(Omitted)

In relation to this addition, the details of the Qualitative testing methods have been added and the “About the judgment tree” has been changed. If you would like to confirm the test method, you can check them.

The main points of the revision to “Food Labeling Standards Q&A”

Food Labeling Standards Q&A (D-3) regarding the scope of walnut (*1) has been added.

(D-3) What is the scope of “walnut” as specified raw materials?
(Answer) The term “walnut” refers to walnuts stipulated in the Japan Standard Commodity Classification Number 698591, and in addition to the overseas species (Chandler, Howard, etc.) that are mainly distributed, Japan’s species (Amigurumi, Shiurim, Himegurumi, and so on) are also subject to labeling.. Please note that walnut oil, walnut butter (and so on) are also allergens.

Although not included in this article, some additions and changes have been made to Food Labeling Standards Q&A in relation to the “Addition of rapeseed producing EPA / DHA as a specified genetically modified agricultural product (addition to Appended Table 18)”. In addition, Food Labeling Standards Q&A on how to label the Nutrition Facts for “foods sold and usually consumed together in sets”(e.g. a set product of undo (Japanese) noodle and soup) has been added. Please check if you handle related food products.

Period for transitional measures and upcoming schedules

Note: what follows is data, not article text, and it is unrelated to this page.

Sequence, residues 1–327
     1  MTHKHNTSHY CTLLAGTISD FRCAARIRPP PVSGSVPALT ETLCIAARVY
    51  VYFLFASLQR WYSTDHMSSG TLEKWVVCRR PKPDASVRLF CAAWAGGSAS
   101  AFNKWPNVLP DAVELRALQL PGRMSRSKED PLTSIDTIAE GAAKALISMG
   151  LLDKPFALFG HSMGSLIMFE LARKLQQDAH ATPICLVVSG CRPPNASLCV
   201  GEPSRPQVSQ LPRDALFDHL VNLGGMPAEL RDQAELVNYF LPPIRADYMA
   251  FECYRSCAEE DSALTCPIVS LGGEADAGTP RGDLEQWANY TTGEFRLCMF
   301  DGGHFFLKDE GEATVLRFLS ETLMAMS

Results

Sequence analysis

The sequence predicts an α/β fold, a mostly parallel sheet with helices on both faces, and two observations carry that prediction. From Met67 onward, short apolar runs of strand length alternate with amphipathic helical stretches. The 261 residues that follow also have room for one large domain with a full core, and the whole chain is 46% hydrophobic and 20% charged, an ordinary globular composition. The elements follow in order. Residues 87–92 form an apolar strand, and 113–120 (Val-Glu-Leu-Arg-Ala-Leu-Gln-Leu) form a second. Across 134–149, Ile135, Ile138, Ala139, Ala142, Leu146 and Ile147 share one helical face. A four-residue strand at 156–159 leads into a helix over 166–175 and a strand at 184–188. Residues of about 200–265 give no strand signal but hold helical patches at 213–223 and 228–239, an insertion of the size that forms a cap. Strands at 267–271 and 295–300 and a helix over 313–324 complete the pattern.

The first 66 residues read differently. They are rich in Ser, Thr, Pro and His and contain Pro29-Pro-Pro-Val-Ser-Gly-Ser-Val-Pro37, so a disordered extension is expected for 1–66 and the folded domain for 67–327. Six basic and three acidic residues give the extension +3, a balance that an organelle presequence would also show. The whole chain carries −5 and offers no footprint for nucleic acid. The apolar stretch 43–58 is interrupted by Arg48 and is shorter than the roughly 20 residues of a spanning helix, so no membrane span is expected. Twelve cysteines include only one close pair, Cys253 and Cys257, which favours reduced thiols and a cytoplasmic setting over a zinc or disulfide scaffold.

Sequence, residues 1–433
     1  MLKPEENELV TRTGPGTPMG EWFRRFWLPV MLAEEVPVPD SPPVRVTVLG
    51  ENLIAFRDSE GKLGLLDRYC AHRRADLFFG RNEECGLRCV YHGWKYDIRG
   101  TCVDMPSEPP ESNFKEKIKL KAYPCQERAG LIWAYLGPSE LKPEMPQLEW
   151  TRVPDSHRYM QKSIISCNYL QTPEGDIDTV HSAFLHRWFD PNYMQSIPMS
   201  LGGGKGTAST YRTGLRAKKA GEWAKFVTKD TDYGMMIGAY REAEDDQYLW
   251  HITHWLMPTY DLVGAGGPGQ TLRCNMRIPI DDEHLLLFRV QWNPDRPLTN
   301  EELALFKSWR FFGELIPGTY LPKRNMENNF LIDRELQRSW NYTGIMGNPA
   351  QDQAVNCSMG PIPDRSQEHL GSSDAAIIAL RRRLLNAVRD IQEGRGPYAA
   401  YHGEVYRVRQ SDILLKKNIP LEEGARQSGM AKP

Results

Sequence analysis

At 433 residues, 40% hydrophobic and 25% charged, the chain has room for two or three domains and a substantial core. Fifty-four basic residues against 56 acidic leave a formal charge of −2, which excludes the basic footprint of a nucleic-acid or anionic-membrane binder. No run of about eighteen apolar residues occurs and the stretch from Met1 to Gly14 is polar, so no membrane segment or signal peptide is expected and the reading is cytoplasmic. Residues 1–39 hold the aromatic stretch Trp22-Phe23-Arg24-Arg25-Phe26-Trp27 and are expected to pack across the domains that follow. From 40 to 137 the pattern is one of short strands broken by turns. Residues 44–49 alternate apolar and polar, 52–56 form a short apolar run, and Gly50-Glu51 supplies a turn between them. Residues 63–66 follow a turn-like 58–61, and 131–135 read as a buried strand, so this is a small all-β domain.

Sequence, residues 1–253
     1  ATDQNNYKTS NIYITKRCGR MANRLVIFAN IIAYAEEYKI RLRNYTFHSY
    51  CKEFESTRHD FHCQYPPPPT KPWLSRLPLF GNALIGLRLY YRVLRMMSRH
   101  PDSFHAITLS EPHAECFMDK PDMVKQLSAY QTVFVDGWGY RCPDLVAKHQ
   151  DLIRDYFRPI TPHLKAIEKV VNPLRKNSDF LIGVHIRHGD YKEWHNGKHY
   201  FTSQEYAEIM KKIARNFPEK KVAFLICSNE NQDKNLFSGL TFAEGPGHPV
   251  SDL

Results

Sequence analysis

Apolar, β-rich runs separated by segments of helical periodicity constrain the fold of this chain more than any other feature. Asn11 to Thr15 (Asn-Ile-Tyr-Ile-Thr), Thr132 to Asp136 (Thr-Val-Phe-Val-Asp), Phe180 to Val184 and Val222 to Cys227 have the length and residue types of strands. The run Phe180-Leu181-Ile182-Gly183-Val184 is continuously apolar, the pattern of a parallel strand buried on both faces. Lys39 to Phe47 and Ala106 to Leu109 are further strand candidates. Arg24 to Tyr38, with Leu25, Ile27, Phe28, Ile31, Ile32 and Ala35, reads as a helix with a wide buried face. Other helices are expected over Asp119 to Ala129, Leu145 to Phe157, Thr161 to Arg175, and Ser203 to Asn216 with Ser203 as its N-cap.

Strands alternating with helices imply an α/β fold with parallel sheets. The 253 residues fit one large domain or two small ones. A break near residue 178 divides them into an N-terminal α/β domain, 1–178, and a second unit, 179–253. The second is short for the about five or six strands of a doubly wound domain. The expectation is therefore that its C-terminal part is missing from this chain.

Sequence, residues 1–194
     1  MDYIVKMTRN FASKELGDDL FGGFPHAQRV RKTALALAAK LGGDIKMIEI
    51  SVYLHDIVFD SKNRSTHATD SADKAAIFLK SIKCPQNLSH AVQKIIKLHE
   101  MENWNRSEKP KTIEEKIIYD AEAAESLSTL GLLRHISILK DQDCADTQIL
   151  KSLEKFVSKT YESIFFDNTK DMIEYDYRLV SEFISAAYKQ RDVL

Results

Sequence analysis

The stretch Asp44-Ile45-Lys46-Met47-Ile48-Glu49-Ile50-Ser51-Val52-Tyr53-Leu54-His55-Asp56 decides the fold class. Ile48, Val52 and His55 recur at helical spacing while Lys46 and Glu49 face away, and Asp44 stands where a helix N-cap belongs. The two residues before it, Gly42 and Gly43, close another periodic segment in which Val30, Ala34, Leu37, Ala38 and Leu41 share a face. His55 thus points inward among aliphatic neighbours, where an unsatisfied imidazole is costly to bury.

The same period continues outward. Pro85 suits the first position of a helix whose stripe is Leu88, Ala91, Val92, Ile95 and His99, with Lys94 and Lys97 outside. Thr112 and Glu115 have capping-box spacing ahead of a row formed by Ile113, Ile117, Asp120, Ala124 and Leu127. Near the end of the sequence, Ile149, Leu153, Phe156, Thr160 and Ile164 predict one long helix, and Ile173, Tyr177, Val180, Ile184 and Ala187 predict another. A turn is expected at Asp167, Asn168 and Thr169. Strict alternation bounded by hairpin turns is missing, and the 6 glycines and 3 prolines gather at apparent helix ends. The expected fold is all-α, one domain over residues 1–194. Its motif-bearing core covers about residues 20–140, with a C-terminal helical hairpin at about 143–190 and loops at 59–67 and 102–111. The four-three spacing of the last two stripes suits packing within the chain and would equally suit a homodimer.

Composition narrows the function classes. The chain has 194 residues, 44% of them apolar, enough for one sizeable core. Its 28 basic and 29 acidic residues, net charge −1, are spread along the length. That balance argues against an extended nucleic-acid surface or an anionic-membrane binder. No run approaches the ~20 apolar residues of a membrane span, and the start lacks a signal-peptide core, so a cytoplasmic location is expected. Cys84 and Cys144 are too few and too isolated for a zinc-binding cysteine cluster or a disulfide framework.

As shown below, the period is until the end of March 2025.

The labeling for processed foods (excluding processed foods for business use) which are manufactured, processed, or imported from the date of enforcement of this the Cabinet Office Ordinance to March 31, 2025 and processed foods for business use which are sold by March, 31, 2025 shall remain applicable notwithstanding the provisions of Appended Table 14 of the Food Labeling Standards revised by said revised provisions.

The revision was made in response to the 2018 Report on the Survey on food labeling regarding food allergy. The report revealed there has been a significant increase in health hazards caused by immediate-type allergies to nuts, particularly walnuts.

The survey conducted in 2021 revealed the cases of allergy have been on the rise since then. So, even during the period for transitional measures, it is important to reconfirm information management, such as ingredient specifications to be able to respond to inquiries from consumers.

References


Newsletter Signup

We issue monthly e-newsletters, which provide you with the latest updates on food labeling/regulations in Japan.
If you want to make sure to not miss any issue, please click below.

Related Service

Research Services on Ingredients & Food Labeling -For the Japanese Market-
We verify the conformity of ingredients and additives with the standards for use in Japan based on specifications such as formulation lists. We also verify the conformity of the proposed labeling of ingredient names, nutrients, etc. with the labeling standards based on specifications such as formulation lists.